Integrated care – frequently asked questions

We are proud to be an integrated care organisation – this means that our health and care community works together to deliver more integrated care.

Q. What is integrated care?

Most of us tend to think of the NHS as a single national organisation. In reality, different local health services are provided by several NHS trusts as well as GPs, pharmacies and so on.

The local health and care community is larger still, with social workers, nursing homes and voluntary sector organisations all playing a role in the wellbeing of our local population.

Someone with several different health-related conditions – which is increasingly common as we get older – might be looked after by half a dozen different health and care professionals. It is important that the different professionals work closely together to support local people. By providing more health and care in one single organisation, we are able to better provide care that is joined-up.

Q. What are the benefits of integrated care?

Integrating services makes a big difference to our ability to respond quickly and effectively to people’s needs. A good explanation of how it works can be seen in a short video, “Joined-up care: Sam’s story”.

An integrated service – where all the different professionals work for the same organisation or in the same team – means individuals only need to tell their story once, bureaucracy is reduced and care packages can be more flexible.

Our area has a reputation for being a leader in integrated care. Since 2005 there has been a successful integrated community health and adult social care service for Torbay. In 2015 we merged acute health care with community health and adult social care into one integrated care organisation.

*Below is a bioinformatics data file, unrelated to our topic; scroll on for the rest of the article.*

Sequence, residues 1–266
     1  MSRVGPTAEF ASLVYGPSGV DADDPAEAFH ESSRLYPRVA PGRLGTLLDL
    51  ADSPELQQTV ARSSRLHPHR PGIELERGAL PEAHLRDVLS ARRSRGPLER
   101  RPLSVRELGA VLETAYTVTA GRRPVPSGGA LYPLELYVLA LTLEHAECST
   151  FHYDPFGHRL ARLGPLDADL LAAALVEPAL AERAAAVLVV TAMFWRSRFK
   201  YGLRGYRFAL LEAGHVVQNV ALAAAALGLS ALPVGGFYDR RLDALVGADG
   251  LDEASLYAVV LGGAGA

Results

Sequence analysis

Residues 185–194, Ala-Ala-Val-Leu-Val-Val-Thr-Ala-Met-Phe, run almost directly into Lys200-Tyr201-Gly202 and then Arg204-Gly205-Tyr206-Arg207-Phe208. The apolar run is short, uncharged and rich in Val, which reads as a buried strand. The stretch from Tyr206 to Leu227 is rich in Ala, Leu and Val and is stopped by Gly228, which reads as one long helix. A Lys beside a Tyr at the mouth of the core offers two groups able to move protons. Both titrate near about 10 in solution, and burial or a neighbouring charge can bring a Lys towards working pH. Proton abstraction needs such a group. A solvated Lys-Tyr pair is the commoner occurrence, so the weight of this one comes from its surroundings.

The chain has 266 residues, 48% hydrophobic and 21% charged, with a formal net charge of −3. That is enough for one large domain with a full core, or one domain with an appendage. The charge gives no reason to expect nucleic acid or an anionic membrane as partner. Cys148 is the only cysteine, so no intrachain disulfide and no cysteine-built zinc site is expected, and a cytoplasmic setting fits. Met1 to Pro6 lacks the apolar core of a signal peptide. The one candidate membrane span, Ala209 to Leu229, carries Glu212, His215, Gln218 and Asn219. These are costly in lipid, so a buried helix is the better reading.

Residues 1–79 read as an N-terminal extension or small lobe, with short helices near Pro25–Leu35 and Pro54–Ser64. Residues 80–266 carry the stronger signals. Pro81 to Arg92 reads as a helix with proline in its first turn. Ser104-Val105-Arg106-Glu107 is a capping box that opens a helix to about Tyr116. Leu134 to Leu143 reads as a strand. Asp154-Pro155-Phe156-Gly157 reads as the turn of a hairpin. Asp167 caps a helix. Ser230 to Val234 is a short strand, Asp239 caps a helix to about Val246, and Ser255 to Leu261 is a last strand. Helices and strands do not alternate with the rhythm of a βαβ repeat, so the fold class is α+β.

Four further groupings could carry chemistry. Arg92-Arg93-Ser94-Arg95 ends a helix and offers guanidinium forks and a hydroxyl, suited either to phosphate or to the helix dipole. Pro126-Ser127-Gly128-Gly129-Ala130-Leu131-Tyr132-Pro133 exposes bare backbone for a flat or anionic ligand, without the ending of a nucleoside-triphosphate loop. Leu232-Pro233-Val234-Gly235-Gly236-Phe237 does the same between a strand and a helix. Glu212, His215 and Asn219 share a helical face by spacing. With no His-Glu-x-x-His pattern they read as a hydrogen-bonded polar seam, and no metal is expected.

Q. What services are provided by the integrated trust?

We run Torbay Hospital and the area’s community hospitals, as well as multi-disciplinary health and social care teams in the community. Our teams work closely with the rest of the health service and partner organisations including the voluntary, community and social enterprise sector, to help people in their homes.

We work in partnership with GP practices, NHS dentists, pharmacies and opticians.

Q. How does this affect the care I receive?

Over time, the way we provide care – and the way you access it – may well change. Our vision is better health and care for all. We want to become much better at helping people to stay well. This means providing a lot more support in the community, more services closer to home and helping you to look after your own health and wellbeing, with support available when needed.

Eventually, as a result, we think fewer people will need hospital treatment because the community services will pick up problems before they become crisis. When a hospital visit is unavoidable, the acute teams and consultants will work closely with people’s community support to help them get back home and to avoid lots of repeat visits for check-ups afterwards.

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